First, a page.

To View our July Classes - Click on "Read More" Classes are Listed by Category along with The Date and Time
Click the "Read More" tab below to see this week's July class. The Youth Discovery classes are the only classes in August because it is our excellent Teacher Training Month. However, ypur group leaders may request classes by calling our FS Library at 435 673-4591 or using the "Groups/StoryBooth/ tab above.
A family reunion is an excellent opportunity to spend time with your extended family creating new memories and honoring old memories simultan-eously. When outlining reunion activities, it’s important to strike a balance between honoring the old memories and creating new ones. Children in particular may not want to spend the whole weekend poring over family heirlooms and photos; they may instead prefer playing with cousins. But there’s no reason all family members can’t enjoy both remembering the old memories and creating new ones.
Click on "Read More" for Tips for Engaging All Ages
If you spent part of your weekend participating in the worldwide indexing event, you were in good company. The event far surpassed its goal of 72,000 participants around the globe; a total of 116,475 individuals worked to make the world’s historical records available to those doing their family history work. These individuals indexed 10,447,887 records to add to the treasure trove of information available to family history researchers.
That final number of participants exceeded the original target by 44,475 participants—a 61.8 percent increase over the original goal.
“Grateful” was how Collin Smith, FamilySearch marketing manager, summed up his . . .
How to use Naturalization Records to Find Your Family's First American
By Frederick Werts of Findmypast.com 26 June 2016 Immigrant ancestors can be a little tricky to trace, but one great resource to use are naturalization petitions. Many immigrants applied for citizenship, and that process generated some very useful genealogical records.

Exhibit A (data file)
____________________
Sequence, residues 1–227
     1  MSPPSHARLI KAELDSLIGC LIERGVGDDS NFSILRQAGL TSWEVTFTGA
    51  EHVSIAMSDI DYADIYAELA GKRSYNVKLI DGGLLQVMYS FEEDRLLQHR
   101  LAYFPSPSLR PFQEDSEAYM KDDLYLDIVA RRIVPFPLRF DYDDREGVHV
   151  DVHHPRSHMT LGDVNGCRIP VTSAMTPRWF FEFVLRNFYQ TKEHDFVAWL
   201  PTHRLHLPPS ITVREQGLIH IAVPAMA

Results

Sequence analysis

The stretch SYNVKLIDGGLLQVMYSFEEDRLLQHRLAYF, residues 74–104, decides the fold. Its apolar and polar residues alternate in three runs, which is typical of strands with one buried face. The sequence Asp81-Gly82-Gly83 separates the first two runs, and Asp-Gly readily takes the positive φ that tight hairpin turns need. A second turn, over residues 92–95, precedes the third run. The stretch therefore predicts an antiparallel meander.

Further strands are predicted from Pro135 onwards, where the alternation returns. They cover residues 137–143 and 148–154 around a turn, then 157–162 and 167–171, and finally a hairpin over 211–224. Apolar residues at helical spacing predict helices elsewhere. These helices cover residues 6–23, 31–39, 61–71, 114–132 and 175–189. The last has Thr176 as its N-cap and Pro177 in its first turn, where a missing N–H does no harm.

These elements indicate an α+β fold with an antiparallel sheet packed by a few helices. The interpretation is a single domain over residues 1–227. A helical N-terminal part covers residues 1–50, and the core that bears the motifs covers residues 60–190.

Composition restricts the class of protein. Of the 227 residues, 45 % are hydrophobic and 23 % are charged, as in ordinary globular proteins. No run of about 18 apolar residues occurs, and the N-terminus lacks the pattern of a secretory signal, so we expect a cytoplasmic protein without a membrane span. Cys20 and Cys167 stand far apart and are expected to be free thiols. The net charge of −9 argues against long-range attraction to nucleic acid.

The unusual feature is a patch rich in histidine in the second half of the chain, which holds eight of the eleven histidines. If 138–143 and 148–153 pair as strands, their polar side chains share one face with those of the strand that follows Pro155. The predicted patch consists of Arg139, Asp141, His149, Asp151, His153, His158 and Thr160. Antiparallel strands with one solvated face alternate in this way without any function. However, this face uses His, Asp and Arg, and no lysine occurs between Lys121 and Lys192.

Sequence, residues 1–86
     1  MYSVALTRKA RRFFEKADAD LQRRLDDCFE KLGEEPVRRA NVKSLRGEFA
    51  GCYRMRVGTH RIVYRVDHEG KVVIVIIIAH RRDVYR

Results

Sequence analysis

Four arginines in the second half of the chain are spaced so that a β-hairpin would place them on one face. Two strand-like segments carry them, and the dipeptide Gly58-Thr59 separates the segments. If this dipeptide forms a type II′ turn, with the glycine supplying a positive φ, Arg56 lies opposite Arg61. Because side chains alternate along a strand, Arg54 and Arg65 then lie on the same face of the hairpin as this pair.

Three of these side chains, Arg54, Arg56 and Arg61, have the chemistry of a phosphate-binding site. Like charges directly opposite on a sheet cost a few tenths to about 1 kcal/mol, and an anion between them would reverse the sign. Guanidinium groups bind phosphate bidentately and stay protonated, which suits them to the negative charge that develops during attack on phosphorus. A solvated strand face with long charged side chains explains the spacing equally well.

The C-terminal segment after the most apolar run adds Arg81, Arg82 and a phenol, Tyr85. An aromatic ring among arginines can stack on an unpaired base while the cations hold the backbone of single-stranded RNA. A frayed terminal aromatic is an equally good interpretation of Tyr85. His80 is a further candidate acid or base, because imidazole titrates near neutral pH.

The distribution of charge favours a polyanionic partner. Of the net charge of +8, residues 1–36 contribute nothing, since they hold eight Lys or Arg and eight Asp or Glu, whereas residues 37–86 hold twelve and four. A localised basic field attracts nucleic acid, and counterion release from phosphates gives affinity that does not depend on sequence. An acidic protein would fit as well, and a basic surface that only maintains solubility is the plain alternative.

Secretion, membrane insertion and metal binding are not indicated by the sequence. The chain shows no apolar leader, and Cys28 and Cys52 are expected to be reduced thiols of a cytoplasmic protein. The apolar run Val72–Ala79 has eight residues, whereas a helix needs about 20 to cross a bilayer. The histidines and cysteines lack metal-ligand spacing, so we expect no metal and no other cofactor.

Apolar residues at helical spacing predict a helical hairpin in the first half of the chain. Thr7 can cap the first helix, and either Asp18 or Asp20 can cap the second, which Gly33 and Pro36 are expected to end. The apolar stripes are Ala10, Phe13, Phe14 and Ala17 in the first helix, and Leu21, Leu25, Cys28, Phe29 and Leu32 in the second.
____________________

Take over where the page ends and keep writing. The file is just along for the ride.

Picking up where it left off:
Looking at this article can help in your research segnificantly.
“I’m so jealous, all our family photos were lost in the flood.”
We all hear comments like this from time to time, and there really isn’t a good answer to them besides that well-practiced air of mystery we all try to perfect. Revealing the magic trick behind your finds just doesn’t do all the hard work justice. The response to seeing how the magic is done is usually underwhelming. You also could have just been plain old lucky and found your grandmother’s scrapbook – something we’ve all had to sheepishly confess to from time to time. Your relatives really don’t want to know the techniques you use in your craft. Sadly, it generally bores them to tears. However they do love and
Peder Pedersen lived on the Jutland peninsula in Denmark. He lived on a farm in Sonder-Okse, a community too small to be called a town. Peder’s father, Simon Pedersen, lived in the same small town. Peter’s grandfather, Peder Simonsen, and his great-grandfather, Simon Pedersen, and generations beyond that, also lived in the same small town. Peder Pedersen’s son Martinus Pedersen, however, chose a different path: he crossed the Atlantic Ocean and . . .
Some of the greatest helps in Scandinavian research are the linkage patterns. Although they may seem somewhat obvious, remembering these keys will simplify your research, especially when common names come into play. In this article, we will focus on patronymics, siblings, geography, property, chronology, and social status/occupation. We will rely on my Pedersen/Simonsen family members for examples to help explain the the concepts detailed below.